8.1 Introduction, p. 8.1 Static Equilibria 8.2 Conditions for static equilibria, p. 8.1 8.3 Polarization and magnetization equilibria: force density and stress tensor representations, p. 8.4 8.4 Charge conserving and unifom current static equilibria, p. 8.8 8.5 Potential and flux conserving equilibria, p. 8.11 Homogeneous Bulk Interactions 8.6 Flux conserving continua and propagation of magnetic stress, p. 8.16 8.7 Potential conserving continua and electric shear stress instability, p. 8.20 8.8 Magnetoacoustic and electroacoustic waves, p. 8.25 Piecewise Homogeneous Systems 8.9 Gravitycapillary dynamics, p. 8.28 8.10 Selffield interfacial instabilities, p. 8.33 8.11 Surface waves with imposed gradients, p. 8.38 8.12 Flux conserving dynamics of the surface coupled zθ pinch, p. 8.40 8.13 Potential conserving stability of a charged drop: Rayleigh?s limit, p. 8.44 8.14 Charge conserving dynamics of stratified aerosols, p. 8.46 8.15 The z pinch with instantaneous magnetic diffusion, p. 8.50 8.16 Dynamic shear stress surface coupling, p. 8.54 Smoothly Inhomogeneous Systems and their Internal Modes 8.17 Frozen mass and charge density transfer relations, p. 8.57 8.18 Internal waves and instabilities, p. 8.62 Problems, p. 8.69 
Sections 8.18.18 (PDF  5.4MB) Problems (PDF) 
Sections 8.18.18 (PDF  5.2MB) Problems (PDF) 
Chapter 9: Electromechanical Flows, pp. 9.19.64  (PDF  4.7MB)  (PDF  4.6MB) 
9.1 Introduction, p. 9.1 9.2 Homogeneous flows with irrotational force densities, p. 9.2 Flows with Imposed Surface and Volume Force Densities 9.3 Fully developed flows driven by imposed surface and volume force densities, p. 9.5 9.4 Surfacecoupled fully developed flows, p. 9.7 9.5 Fully developed magnetic induction pumping, p. 9.11 9.6 Temporal flow development with imposed surface and volume force densities, p. 9.13 9.7 Viscous diffusion boundary layers, p. 9.16 9.8 Cellular creep flow induced by nonuniform fields, p. 9.22 SelfConsistent Imposed Field 9.9 Magnetic Hartmann type approximation and fully developed flows, p. 9.25 9.10 Flow development in the magnetic Hartmann approximation, p. 9.28 9.11 Electrohydrodynamic imposed field approximation, p. 9.32 9.12 Electrohydrodynamic "Hartmann" flow, p. 9.33 9.14 Conservative transitions in piecewise homogeneous flows, p. 9.37 Gas Dynamic Flows and Energy Converters 9.15 Quasionedimensional compressible flow model, p. 9.41 9.16 Isentropic flow through nozzles and diffusers, p. 9.42 9.17 A magnetohydrodynamic energy converter, p. 9.45 9.18 An electrogasdynamic energy converter, p. 9.48 9.19 Thermalelectromechanical energy conversion systems, p. 9.53 Problems, p. 9.57 
Sections 9.19.19 (PDF  4.2MB) Problems (PDF) 
Sections 9.19.19 (PDF  4.1MB) Problems (PDF) 
Chapter 10: Electromechanics with Thermal and Molecular Diffusion, pp. 10.110.41  (PDF  2.7MB)  (PDF  2.7MB) 
10.1 Introduction, p. 10.1 10.2 Laws, relations and parameters of convective diffusion, p. 10.1 Thermal Diffusion 10.3 Thermal transfer relations and an imposed dissipation response, p. 10.5 10.4 Thermally induced pumping and electrical augmentation of heat transfer, p. 10.8 10.5 Rotor model for natural convection in a magnetic field, p. 10.10 10.6 Hydromagnetic B?nard type instability, p. 10.15 Molecular Diffusion 10.7 Unipolarion diffusion charging of macroscopic particles, p. 10.19 10.8 Charge double layer, p. 10.21 10.9 Electrokinetic shear flow model, p. 10.23 10.10 Particle electrophoresis and sedimentation potential, p. 10.25 10.11 Electrocapillarity, p. 10.27 10.12 Motion of a liquid drop driven by internal currents, p. 10.32 Problems, p. 10.37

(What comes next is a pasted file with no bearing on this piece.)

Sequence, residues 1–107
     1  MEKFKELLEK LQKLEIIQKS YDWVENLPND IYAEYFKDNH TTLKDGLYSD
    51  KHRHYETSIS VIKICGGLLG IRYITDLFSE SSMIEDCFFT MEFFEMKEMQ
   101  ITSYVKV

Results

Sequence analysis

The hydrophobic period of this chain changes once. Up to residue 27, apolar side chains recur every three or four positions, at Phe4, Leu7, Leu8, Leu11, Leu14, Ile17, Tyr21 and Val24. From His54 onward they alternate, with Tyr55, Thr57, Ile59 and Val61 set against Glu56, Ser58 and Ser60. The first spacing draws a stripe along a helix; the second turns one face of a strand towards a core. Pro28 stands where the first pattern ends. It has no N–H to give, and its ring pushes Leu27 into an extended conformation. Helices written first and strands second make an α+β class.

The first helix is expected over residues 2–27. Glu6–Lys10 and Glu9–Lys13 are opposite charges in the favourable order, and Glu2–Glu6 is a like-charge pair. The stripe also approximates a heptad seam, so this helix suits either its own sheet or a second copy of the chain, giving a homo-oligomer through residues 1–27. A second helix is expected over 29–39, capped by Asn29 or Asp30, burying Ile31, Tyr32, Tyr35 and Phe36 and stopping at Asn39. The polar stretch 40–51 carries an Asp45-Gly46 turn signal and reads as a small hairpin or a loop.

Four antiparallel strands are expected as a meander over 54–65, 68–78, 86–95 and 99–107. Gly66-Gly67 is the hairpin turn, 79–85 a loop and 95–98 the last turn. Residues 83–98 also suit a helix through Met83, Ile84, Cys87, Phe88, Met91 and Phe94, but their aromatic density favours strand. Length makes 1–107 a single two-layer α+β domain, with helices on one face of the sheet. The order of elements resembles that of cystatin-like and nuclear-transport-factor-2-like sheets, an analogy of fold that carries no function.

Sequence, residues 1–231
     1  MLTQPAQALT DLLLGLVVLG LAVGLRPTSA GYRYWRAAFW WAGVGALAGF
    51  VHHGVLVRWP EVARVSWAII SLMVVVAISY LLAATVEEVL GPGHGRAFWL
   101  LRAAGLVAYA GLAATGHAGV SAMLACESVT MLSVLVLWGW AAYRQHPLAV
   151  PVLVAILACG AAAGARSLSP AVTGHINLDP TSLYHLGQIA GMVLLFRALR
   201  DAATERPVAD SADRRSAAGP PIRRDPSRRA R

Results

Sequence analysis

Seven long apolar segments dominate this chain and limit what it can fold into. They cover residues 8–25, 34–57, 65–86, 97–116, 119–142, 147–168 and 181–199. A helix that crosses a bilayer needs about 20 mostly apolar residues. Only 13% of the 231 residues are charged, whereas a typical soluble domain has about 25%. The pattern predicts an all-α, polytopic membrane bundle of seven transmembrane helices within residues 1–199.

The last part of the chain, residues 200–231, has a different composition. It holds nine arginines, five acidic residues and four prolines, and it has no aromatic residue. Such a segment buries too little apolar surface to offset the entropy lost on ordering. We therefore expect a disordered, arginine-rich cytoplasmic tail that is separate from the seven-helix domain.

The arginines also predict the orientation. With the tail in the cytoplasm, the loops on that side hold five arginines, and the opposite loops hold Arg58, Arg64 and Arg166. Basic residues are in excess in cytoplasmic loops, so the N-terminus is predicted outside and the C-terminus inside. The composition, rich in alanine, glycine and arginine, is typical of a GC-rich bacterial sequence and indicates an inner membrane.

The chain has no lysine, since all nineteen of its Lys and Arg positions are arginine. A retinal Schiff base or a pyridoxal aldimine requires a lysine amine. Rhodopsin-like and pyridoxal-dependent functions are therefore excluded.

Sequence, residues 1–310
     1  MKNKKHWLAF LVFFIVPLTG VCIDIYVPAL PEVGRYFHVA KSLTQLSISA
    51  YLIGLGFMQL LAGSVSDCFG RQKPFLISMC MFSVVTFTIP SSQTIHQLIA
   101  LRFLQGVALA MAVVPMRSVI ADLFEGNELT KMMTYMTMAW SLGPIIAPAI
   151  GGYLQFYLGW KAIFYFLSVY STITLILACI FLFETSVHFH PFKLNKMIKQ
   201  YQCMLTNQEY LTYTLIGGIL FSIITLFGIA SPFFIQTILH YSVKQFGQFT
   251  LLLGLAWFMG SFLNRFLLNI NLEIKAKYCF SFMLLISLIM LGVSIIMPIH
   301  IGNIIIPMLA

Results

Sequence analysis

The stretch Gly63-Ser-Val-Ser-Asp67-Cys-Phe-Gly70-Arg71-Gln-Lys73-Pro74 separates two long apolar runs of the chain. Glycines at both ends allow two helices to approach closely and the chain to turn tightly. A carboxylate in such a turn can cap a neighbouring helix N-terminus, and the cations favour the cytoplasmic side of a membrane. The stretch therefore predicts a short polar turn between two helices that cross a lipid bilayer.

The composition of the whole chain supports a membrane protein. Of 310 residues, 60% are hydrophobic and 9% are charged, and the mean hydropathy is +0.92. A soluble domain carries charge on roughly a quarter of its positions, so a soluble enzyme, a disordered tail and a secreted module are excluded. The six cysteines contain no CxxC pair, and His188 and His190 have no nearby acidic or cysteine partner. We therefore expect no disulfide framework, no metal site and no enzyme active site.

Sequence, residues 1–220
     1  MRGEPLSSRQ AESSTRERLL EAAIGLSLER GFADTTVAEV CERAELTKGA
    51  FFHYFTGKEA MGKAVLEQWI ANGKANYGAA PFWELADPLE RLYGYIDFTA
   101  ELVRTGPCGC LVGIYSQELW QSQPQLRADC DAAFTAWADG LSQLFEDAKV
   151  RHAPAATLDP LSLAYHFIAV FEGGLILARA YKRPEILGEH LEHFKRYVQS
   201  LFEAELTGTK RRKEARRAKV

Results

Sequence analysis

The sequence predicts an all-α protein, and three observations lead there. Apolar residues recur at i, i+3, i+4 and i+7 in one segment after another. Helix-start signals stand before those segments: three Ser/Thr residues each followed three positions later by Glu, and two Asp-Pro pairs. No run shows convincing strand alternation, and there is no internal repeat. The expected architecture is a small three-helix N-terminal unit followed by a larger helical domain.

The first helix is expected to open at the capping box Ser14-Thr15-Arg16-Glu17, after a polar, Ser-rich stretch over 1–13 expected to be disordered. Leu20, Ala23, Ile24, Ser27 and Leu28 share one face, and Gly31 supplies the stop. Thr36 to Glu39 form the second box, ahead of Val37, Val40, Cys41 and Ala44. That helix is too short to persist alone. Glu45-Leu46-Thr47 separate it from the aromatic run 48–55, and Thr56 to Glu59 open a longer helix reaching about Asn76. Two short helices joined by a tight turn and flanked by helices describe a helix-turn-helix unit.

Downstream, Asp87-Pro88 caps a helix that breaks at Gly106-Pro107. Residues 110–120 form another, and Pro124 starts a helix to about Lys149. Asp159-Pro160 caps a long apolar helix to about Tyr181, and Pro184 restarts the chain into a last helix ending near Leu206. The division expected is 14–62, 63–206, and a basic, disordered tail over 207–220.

Sections 10.110.12 (PDF  2.4MB) Problems (PDF) 
Sections 10.110.12 (PDF  2.4MB) Problems (PDF) 
Chapter 11: Streaming Interactions, 11.111.79  (PDF  6.6MB)  (PDF  5.2MB) 
11.1 Introduction, p. 11.1 Ballistic Continua 11.2 Charged particles in vacuum; electron beams, p. 11.1 11.3 Magnetron electron flow, p. 11.3 11.4 Paraxial ray equation: magnetic and electric lenses, p. 11.6 11.5 Plasma electrons and electron beams, p. 11.10 Dynamics in Space and Time 11.6 Method of characteristics, p. 11.13 11.7 Nonlinear acoustic dynamics: shock formation, p. 11.16 11.8 Nonlinear magnetoacoustic dynamics, p. 11.21 11.9 Nonlinear electron beam dynamics, p. 11.23 11.10 Causality and boundary conditions: streaming hyperbolic systems, p. 11.27 Linear Dynamics in Terms of Complex Waves 11.11 Secondorder complex waves, p. 11.37 11.12 Distinguishing amplifying from evanescent modes, p. 11.46 11.13 Distinguishing absolute from convective instabilities, p. 11.54 11.14 KelvinHelmholtz types of instability, p. 11.56 11.15 Twostream fieldcoupled interactions, p. 11.65 11.16 Longitudinal boundary conditions and absolute instability, p. 11.66 11.17 Resistivewall electron beam amplification, p. 11.68 Problems, p. 11.71 
Sections 11.111.17 (PDF  6.0MB) Problems (PDF) 
Sections 11.111.17 (PDF  4.6MB) Problems (PDF)